When it comes to brows these days, everyone knows bigger is better. Cara Delevingne’s thick, dense arches—the ones that helped kick-start the movement—are as famous as she is. But if you weren’t blessed with boy brows, not to worry. There’s no shortage of products and services to help.
This global obsession with brows is instigating a major swing in beauty spending everywhere from salons to makeup counters. “The brow trend is set to become even bigger this year,” says Theresa Ye, senior beauty editor at fashion and lifestyle trend forecaster WGSN. This is something experts agree on. “Eye makeup is currently the strongest performing segment, driven largely by the popularity of bold eyebrows, which have spurred the launch of numerous brow-specific products,” says Shannon Romanowski, category manager for beauty and personal care at global market research firm Mintel. “Historically, eyebrow products have not been a big growth area in colour cosmetics, as women relied on hair-removal items to create thinner brows,” says Romanowski. But now brands are delivering, with brow fillers in numerous shades, as well as innovative textures and technology, from tinted gels to powders to pencils. More than a singular product, there are brow-centric lines, like M.A.C’s Brows Are It! collection, a collaboration with Hollywood eyebrow king Damone Roberts. And this summer Benefit’s Brow Collection hits stores and is the largest launch in the company’s history. It includes upgrades from Benefit’s existing brow hits, such as Gimme Brow and Brow Zings, as well as novelties like a conditioning primer and a 3D highlighting gel.
If beauty outsourcing is more your speed, salon services can help you achieve fuller arches. First off, there are extensions, a treatment in which individual synthetic hairs are adhered to the skin or natural eyebrow hairs, lasting up to two weeks. Next, there’s eyebrow embroidery, alternatively known as microblading—one of the hottest treatments of the moment. This ancient technique works via a small blade, which deposits pigment under the skin to give the appearance of hair. Microblading doesn’t penetrate the dermal layer as deeply as tattoos, so the results are only semi-permanent. A wide variety of pigments are available and results can last up to two years, although touch-ups are typically needed sooner. Sparse-haired women are spreading the word about the dramatic results. “It’s insane, we can’t keep up,” says Maria Cristina Bruno, owner of Toronto’s Ritual, where eyebrow embroidery is currently their most in-demand service.
While you never want to see an inexperienced practitioner for any beauty service, the stakes are especially high when it comes to brow grooming. “The key is to not go to a facialist or a bikini waxer,” says Maybelline New York’s global brow expert, Maribeth Madron. “Those people are super talented at cleaning things, but you need an actual artist for brow shaping. You need someone who has a very good eye.” She is vehemently anti-waxing and anti-threading. “Those are cleaning methods meant to remove large amounts of hair.” Instead, she advocates for reliable tweezing. Mary Dang, owner of Toronto’s Eye Love Brow & Beauty Bar, agrees. “Waxing and threading often overdo it and make the brow lines too sharp. With tweezing, you have more control and can be more meticulous. The end result has a more natural finish and makes the brow softer and more feminine,” she says. Dang’s business success story is itself a sign of how far brows have come. Just a few years ago, it would’ve been unthinkable to sustain a salon primarily on brow treatments.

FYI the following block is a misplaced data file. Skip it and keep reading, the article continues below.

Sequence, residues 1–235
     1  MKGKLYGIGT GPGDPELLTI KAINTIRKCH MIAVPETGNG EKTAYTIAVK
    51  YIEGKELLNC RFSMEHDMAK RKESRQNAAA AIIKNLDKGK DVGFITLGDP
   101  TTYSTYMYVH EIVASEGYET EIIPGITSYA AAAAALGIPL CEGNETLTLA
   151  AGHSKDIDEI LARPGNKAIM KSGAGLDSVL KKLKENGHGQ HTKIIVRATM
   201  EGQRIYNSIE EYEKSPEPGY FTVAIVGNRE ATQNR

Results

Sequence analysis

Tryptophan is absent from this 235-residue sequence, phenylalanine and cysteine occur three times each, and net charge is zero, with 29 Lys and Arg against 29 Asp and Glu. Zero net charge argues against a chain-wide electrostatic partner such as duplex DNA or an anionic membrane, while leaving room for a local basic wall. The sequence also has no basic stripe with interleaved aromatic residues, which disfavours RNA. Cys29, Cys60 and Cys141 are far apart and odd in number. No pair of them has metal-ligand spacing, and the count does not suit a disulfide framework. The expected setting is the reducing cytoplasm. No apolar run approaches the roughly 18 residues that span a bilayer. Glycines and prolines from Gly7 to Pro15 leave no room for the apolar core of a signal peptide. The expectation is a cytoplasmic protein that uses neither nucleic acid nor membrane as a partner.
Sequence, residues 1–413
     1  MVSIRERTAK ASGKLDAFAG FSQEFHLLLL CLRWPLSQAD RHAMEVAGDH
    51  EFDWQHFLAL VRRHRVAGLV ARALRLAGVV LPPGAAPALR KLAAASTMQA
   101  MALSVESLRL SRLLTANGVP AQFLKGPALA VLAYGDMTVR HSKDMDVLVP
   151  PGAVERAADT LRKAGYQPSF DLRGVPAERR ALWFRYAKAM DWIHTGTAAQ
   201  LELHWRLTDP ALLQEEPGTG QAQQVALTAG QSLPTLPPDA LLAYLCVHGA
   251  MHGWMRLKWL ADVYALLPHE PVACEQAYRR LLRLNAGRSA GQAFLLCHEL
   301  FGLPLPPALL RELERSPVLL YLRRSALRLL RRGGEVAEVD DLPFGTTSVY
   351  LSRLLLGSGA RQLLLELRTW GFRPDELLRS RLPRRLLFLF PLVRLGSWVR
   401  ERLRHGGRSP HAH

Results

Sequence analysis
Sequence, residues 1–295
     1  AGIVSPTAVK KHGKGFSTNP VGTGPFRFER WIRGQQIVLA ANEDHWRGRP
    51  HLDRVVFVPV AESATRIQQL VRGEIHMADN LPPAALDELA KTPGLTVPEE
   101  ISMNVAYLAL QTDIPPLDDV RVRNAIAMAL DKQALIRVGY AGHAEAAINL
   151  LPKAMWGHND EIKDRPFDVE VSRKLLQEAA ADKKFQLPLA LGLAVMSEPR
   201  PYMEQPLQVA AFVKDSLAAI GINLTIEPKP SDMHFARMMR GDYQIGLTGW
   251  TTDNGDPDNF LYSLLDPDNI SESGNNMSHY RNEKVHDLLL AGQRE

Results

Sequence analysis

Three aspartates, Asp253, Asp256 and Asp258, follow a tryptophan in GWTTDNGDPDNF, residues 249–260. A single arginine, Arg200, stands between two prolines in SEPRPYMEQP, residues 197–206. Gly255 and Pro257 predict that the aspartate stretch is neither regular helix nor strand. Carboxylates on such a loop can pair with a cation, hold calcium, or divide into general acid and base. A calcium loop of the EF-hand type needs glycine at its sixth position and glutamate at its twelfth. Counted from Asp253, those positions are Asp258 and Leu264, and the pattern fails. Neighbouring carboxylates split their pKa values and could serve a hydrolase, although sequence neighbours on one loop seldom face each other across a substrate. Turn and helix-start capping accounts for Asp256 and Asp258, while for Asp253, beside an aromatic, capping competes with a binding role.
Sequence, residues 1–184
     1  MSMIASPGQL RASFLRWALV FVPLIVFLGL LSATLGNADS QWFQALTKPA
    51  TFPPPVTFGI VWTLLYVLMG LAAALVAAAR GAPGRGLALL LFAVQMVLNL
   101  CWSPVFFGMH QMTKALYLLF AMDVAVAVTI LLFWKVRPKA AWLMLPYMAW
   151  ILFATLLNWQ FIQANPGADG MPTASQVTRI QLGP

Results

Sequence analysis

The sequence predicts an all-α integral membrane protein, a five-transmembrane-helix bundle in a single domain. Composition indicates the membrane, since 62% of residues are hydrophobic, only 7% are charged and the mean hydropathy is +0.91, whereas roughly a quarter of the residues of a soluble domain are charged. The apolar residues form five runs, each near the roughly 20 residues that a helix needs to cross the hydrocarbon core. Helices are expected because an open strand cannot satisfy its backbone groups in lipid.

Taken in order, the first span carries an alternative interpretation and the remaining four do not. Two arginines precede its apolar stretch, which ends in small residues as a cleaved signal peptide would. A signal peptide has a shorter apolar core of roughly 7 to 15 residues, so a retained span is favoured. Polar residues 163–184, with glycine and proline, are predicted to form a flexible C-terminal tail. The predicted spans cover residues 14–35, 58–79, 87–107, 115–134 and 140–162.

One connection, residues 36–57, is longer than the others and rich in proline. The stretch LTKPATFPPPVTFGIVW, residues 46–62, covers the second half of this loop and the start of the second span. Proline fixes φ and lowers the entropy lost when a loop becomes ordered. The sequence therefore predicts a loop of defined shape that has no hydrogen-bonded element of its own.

But even if you’ve successfully avoided overplucking, you can take it too far the other way as well. “I’m now seeing a lot of overshaping,” says Dang. “Brows are starting to look almost too manicured, too trimmed, too filled in, too arched, too boxy,” she says. “They call it the Instagram brow, inspired by tight shots of super-perfect, drawn-in, overgroomed ones. It doesn’t look right when you take a step back.”
If natural isn’t your goal, you can find inspiration on the runways, too. Whereas seasons past have pitted bleached arches against boyish brows, things have taken on a more artistic turn as of late. At Giambattista Valli’s Fall 2016 show, makeup artist Val Garland applied silver glitter across the brow bone. Beyond the runway, brightly coloured hair dyes, Swarovski crystals and 3D glitter are being showcased on social media. “The eye area is now a ‘skin territory’ that extends from the lid to the temple and also the forehead, making it a wide zone of expression,” explains Dominique Assenat, creative director of beauty and cosmetics at trend consulting agency Peclers Paris.
And while the obsession with selfie-worthy brows is changing how we dress our arches, there’s another major factor responsible for our brow fixation: youth. The reality is bigger, thicker brows can make a person look younger. “The women who championed thin, chopped-off brows in the ’90s are now 40 and, all of a sudden, their face is drooping,” says Madron. “They lose the fat pads in their cheeks. They’re like, ‘Oh, my God. I look older!’ Those high arches that were so glam have fallen into little semi-circles,” she says.
And that, above all, should tell you where the brow pendulum is going to stay. “I don’t see the trend going back to thin,” says Dang. Instead, tending to the real estate above our eyes is just going to be the norm. “Filling in your brows is going to be just part of the day-to-day beauty regimen,” says Bruno. “You put on your mascara, put on lipstick and do your brows.”